Access

You are not currently logged in.

Access your personal account or get JSTOR access through your library or other institution:

login

Log in to your personal account or through your institution.

If You Use a Screen Reader

This content is available through Read Online (Free) program, which relies on page scans. Since scans are not currently available to screen readers, please contact JSTOR User Support for access. We'll provide a PDF copy for your screen reader.

Stimulation Via CD40 Can Substitute for CD4 T Cell Function in Preventing Reactivation of a Latent Herpesvirus

Sally R. Sarawar, Bong Joo Lee, Su Khoh Reiter and Stephen P. Schoenberger
Proceedings of the National Academy of Sciences of the United States of America
Vol. 98, No. 11 (May 22, 2001), pp. 6325-6329
Stable URL: http://www.jstor.org/stable/3055804
Page Count: 5
  • Read Online (Free)
  • Subscribe ($19.50)
  • Cite this Item
Since scans are not currently available to screen readers, please contact JSTOR User Support for access. We'll provide a PDF copy for your screen reader.
Stimulation Via CD40 Can Substitute for CD4 T Cell Function in Preventing Reactivation of a Latent Herpesvirus
Preview not available

Abstract

Reactivation of latent herpesviruses is a particular problem in immunocompromised individuals, such as AIDS patients, who lack effective CD4 T helper cell function. An important question is whether residual immune defenses can be mobilized to combat such opportunistic infections, in the absence of CD4 T cells. In the present study, we used a mouse model of opportunistic infection to determine whether stimulation via CD40 could substitute for CD4 T cell function in preventing reactivation of a latent herpesvirus. Treatment with an agonistic antibody to CD40 was highly effective in preventing reactivation of latent murine gammaherpesvirus (MHV-68) in the lungs of CD4 T cell-deficient mice. CD8+ T cells were essential for this effect, whereas virus-specific serum antibody was undetectable and IFN-γ, production was unchanged. This demonstration that immunostimulation via CD40 can replace CD4 T cell help in controlling latent virus in vivo has potential implications for the development of novel therapeutic agents to prevent viral reactivation in immunocompromised patients.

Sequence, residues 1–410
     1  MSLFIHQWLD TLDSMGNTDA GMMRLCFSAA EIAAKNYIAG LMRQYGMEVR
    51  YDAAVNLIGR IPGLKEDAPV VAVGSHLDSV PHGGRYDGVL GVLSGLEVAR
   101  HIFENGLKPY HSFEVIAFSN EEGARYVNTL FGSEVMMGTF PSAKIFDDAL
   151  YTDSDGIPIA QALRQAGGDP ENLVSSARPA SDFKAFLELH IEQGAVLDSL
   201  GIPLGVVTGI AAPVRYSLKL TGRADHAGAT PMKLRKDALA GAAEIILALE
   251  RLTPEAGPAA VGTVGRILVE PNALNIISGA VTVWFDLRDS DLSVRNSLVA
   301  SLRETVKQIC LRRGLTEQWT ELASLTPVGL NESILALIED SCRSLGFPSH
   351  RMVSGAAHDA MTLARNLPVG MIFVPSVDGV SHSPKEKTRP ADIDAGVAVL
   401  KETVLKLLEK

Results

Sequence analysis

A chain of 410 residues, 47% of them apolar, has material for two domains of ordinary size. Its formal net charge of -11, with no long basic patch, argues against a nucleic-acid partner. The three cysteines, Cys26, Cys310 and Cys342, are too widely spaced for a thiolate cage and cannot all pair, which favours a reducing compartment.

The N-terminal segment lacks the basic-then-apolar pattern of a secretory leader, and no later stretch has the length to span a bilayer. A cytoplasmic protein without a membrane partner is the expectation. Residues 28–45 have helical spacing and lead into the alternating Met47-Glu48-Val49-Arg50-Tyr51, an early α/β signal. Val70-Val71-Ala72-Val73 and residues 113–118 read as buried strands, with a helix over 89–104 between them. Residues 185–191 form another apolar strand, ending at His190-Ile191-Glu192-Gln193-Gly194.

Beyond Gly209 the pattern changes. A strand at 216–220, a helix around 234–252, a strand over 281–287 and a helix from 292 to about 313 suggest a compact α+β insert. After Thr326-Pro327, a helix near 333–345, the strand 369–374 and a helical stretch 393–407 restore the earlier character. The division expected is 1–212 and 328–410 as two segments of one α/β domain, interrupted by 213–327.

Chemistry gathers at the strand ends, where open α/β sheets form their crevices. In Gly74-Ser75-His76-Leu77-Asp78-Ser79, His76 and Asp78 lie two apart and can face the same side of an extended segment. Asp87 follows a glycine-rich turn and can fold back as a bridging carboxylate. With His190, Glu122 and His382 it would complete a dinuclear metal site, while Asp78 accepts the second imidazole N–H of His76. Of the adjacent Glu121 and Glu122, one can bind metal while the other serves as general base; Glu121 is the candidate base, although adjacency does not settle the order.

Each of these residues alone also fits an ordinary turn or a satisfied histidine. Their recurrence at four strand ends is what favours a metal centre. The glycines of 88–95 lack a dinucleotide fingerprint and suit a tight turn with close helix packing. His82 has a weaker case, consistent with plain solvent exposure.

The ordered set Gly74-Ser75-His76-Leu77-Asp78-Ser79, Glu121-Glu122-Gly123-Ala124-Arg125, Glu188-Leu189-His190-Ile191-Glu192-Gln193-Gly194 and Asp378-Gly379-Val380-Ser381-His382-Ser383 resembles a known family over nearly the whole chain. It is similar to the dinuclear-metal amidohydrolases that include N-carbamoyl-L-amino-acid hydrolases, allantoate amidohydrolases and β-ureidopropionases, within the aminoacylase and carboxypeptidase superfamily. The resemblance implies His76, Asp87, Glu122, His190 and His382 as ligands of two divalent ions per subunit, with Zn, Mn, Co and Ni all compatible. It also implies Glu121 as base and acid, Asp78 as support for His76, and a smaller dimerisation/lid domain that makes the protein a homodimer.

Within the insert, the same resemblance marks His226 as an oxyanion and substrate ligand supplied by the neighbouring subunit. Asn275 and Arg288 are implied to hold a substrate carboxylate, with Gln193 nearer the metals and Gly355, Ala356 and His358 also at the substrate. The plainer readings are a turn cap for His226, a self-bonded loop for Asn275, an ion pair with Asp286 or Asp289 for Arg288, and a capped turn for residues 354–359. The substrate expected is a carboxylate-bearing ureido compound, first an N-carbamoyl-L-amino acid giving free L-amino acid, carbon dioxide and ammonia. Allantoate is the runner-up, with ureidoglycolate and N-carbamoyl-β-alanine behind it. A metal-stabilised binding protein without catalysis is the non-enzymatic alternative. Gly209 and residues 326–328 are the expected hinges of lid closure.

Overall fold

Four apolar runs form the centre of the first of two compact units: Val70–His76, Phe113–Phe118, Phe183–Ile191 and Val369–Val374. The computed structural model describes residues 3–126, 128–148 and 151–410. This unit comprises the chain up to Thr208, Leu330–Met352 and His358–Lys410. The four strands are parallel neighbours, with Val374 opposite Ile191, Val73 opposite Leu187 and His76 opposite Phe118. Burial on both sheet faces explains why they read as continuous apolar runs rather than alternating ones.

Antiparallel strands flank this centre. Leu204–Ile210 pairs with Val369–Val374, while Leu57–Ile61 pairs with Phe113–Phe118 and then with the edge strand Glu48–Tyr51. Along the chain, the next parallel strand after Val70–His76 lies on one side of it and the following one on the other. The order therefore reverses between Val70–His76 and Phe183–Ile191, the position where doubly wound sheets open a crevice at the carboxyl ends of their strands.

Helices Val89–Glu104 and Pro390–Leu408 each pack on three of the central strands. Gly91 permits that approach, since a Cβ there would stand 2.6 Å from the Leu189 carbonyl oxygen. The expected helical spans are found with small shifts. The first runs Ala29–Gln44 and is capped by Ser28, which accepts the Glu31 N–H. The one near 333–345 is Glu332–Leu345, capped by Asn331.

Page Thumbnails

  • Thumbnail: Page 
6325
    6325
  • Thumbnail: Page 
6326
    6326
  • Thumbnail: Page 
6327
    6327
  • Thumbnail: Page 
6328
    6328
  • Thumbnail: Page 
6329
    6329